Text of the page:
agency:2 - Are you flying blind to changes in cookie laws?

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agency:2 article exploring the 4 things your business needs to do to comply with the EU ePrivacy Directive which have set out changes in cookie and privacy legislation.

It's a complex subject. Where do you start? How can you abide by the new laws without too much disruption to your marketing activity? Here are our top four recommendations.

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agency:2 - Are you flying blind to changes in cookie laws?

  1. 1. May 2011 www.agency2.co.uk 0207 775 5608 Are you flying blind to changes in cookie laws? The 4 things your business needs to do to comply with the May 26th change in cookie and privacy legislation. As pointed out in my previous article How the change in cookies law will affect your business, UK businesses need to act now to comply with the new changes in privacy laws. But where do you start? How can you abide by the new laws without too much disruption to your marketing activity? Here are our top four recommendations. 1. Transparency Businesses using cookies must be completely transparent in how they collect, store and use data. Make sure your privacy policy is up to date and that you've provided information on how to reject or delete cookies. By making it clear you're using them, what they are being used for you and how users can control them, you'll educate people about how they are essential for personalisation. 2. Responsibility Data must be used responsibly. There has been very little misuse of cookies by B2C and B2B companies and this must continue. Businesses must be aware of all cookies utilised within their website - the legislation includes both your own cookies as well as cookies set by a third party. So remember, you are responsible for all cookies on the site and ensuring they comply with the legislation. 3. Intelligence There needs to be innovation within the industry. Businesses need to become smarter in their use of cookies as well as developing new uses for them. Retargeting - display advertising which incorporates user intent - is the hot topic within the industry at the moment. It means ads can serve reminders to users as they move on to other sites by using a tracking code which has saved the details. It's been seen as a game changer by many. 4. Social Media There are other examples, perhaps through behavioural advertising for mobiles or cookies which form part of social media tagging. The mix of these tags and cookies would provide a uniquely personalised insight into consumer behaviour. Due to the amount of time people spend on sites like Facebook and Twitter, social media will prove vital to those in the industry. With their ability to understand and classify the information a person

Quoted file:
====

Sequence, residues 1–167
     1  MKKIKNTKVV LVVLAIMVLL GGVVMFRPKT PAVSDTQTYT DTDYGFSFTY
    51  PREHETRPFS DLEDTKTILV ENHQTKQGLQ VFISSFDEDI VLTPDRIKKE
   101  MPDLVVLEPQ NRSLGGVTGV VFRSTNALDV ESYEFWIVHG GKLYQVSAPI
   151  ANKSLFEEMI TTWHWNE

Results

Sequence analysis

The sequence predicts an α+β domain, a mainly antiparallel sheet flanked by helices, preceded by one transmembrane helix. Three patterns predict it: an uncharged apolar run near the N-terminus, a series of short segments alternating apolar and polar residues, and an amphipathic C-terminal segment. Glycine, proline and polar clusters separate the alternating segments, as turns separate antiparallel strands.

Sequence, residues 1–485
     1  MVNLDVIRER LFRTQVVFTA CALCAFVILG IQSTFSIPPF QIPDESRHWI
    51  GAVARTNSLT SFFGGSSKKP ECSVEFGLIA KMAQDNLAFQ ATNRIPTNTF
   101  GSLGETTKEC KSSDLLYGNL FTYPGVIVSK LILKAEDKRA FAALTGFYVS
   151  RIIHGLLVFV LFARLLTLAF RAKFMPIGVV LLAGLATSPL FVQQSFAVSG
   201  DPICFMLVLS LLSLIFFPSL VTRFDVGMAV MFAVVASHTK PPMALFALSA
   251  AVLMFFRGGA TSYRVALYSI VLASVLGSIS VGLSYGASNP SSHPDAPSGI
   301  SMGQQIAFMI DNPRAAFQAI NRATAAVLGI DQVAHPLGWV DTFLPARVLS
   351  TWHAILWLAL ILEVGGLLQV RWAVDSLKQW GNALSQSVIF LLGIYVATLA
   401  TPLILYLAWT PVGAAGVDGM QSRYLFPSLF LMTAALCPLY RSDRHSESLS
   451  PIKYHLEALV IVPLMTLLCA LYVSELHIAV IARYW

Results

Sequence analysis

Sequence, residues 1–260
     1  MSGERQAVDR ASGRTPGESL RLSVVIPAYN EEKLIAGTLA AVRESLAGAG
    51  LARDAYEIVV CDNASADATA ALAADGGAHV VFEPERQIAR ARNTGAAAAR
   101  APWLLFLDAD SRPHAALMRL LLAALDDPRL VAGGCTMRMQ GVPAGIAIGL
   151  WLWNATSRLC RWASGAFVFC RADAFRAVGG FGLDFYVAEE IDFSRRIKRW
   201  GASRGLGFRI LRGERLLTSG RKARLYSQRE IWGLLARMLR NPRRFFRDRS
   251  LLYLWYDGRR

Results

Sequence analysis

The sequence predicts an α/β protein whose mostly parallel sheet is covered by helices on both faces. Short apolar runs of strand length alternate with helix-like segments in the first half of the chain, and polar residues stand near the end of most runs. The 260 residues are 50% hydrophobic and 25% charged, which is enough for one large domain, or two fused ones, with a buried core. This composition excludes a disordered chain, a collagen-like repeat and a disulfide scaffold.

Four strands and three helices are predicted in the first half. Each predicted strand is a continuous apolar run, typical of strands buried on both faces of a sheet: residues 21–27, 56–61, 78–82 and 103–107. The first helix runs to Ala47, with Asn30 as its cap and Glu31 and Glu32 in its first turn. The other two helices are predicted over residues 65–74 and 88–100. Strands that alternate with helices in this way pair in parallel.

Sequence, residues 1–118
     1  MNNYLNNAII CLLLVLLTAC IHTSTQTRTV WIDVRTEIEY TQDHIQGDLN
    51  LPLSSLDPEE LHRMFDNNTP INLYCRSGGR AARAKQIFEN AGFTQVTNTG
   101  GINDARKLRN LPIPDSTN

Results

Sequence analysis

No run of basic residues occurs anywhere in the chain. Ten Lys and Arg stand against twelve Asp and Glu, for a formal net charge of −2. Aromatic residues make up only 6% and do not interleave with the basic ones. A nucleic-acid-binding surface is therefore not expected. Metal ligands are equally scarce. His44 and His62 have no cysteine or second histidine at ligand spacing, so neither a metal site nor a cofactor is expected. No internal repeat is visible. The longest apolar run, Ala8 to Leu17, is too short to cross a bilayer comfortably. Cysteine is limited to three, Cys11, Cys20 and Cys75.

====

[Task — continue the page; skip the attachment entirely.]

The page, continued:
2. 2. May 2011 www.agency2.co.uk 0207 775 5608 posts on the social networking sites, such as their name, gender, date of birth, their photograph and other personal information, marketers will be desperate to utilise social media to really understand consumers. Cookies’ fortune? The impending law changes have provoked much debate within the industry about how to deal with them. It is a complex topic and one that will be difficult to enforce, whatever the outcome. It's clear that the challenges posed require the industry to come together to develop a robust and workable solution to deal with the new legislation. The Privacy Icon is a step in the right direction and shows that self-regulation can work. It has been developed by a broad coalition of advertising, marketing and online businesses, including Internet Advertising Bureau (IAB) Europe, the World Federation of Advertisers, the European Advertising Standards Alliance, the Direct Marketing Association and the Incorporated Society for British Advertisers (ISBA). It must also be remembered that when used responsibly and effectively, cookies are an invaluable way of enhancing the user experience and customer satisfaction, as well as providing marketers with a vital tool to improve conversion rates. The ultimate solution will safeguard these benefits for both parties.

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